When it comes time to select electrical or electronic components for a boat, a few factors must be considered. If the item is contained within the engine room or any area that gas vapors could come into contact with, it must be ignition rated. This is actually a requirement of the USCG, and the intent is to prevent a spark from the electrical component from igniting the gas vapors. Ignition-proofing is usually accomplished in one of two ways; suppression, and containment. In the suppression method, the components are prevented in creating a spark in the first place. In containment, any spark is isolated within the equipment so that it cannot come into contact with gas vapors.
Another consideration is the item's Ingress Protection (IP) rating. This basically determines how waterproof the item is. The IP rating, or code, is an international standard as defined in IEC (International Electrotechnical Commission) standard 60529. Individual components, such as switches, as well as complete assemblies may have an IP rating, which means the item has been tested by the manufacturer.
The standard IP rating is a two digit code; the first digit is the items protection against objects, such as dust, and the second digit is the protection against water.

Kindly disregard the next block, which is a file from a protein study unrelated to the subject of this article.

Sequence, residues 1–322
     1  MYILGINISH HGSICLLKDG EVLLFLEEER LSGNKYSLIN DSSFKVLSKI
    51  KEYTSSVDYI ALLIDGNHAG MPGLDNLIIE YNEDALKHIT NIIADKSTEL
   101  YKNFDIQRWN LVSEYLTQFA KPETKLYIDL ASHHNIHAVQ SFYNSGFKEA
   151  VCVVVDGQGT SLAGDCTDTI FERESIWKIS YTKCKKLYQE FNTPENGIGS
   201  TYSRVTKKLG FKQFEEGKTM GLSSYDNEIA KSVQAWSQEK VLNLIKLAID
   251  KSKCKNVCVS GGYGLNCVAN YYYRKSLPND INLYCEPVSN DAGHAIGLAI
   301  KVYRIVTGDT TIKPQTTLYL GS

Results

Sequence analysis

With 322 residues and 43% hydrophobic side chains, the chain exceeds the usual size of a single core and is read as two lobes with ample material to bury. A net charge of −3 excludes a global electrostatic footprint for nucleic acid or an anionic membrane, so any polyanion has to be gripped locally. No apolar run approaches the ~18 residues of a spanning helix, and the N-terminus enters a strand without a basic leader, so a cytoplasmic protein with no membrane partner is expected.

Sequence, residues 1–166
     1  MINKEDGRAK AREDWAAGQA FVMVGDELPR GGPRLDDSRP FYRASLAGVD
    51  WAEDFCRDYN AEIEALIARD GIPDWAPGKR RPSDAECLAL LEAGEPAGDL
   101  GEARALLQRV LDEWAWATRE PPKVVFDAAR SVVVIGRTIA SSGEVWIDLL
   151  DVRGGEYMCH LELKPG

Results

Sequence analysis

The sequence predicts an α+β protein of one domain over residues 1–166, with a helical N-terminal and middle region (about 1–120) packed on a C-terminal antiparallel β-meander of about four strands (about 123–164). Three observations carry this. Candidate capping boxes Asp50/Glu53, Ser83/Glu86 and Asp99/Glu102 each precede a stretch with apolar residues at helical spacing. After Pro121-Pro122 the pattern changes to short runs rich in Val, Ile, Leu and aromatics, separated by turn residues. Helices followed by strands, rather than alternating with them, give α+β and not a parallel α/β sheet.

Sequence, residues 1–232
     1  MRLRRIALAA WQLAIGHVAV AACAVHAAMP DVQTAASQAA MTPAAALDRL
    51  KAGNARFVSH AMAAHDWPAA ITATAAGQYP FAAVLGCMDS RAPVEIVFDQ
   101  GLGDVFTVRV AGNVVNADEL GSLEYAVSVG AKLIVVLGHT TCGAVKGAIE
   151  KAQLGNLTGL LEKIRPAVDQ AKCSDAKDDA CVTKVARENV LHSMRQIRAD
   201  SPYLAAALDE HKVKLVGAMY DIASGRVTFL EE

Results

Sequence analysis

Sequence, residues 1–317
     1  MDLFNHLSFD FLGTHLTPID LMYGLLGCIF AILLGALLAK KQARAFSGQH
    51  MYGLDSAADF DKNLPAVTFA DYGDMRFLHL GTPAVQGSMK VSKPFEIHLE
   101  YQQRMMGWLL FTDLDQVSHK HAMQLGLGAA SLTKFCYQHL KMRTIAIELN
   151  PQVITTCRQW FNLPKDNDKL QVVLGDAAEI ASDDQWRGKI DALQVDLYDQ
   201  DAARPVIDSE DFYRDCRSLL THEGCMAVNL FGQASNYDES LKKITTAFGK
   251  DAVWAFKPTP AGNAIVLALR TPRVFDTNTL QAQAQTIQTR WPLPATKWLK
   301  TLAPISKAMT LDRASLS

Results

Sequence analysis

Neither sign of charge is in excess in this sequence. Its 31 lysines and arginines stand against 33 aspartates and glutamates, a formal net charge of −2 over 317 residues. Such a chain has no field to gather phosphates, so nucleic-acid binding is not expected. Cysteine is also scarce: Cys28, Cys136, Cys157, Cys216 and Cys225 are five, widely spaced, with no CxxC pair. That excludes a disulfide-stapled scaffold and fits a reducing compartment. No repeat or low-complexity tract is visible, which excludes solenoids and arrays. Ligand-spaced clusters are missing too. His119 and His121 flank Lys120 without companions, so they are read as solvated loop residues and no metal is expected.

Many waterproof "marine" products have an IP-67 rating, as well as certain electronic products. This Hammond Mfg Series 1554 enclosure is an example of a (National Electrical Manufacturer's Association) NEMA-4x industry standard. These enclosures generally have an IP66 rating, which means they are watertight, but not necessarily waterproof (at least not down to 1 Meter under water). Still, they are generally suitable for many of the wet-area electrical or electronic projects you may have. And they are releatively inexpensive - at least by marine standards (provided you buy them from Mouser, Allied, etc). They can be purchased in many shapes and sizes, with or without a clear cover, and in several colors.
Having a water-tight enclosure is no good unless you have a means for cable entry that is also watertight. For this purpose, look to Heyco 3000 series Cord Grips. They come in a variety of sizes and shapes, and generally carry a rating of IP67. What is interesting is these items are re-packaged by a popular Marine electrical supplier, and are about $10 each from the marine stores. But you can buy the very same item for $1 from the electronic supply warehouses (again, Mouser, Allied, etc.).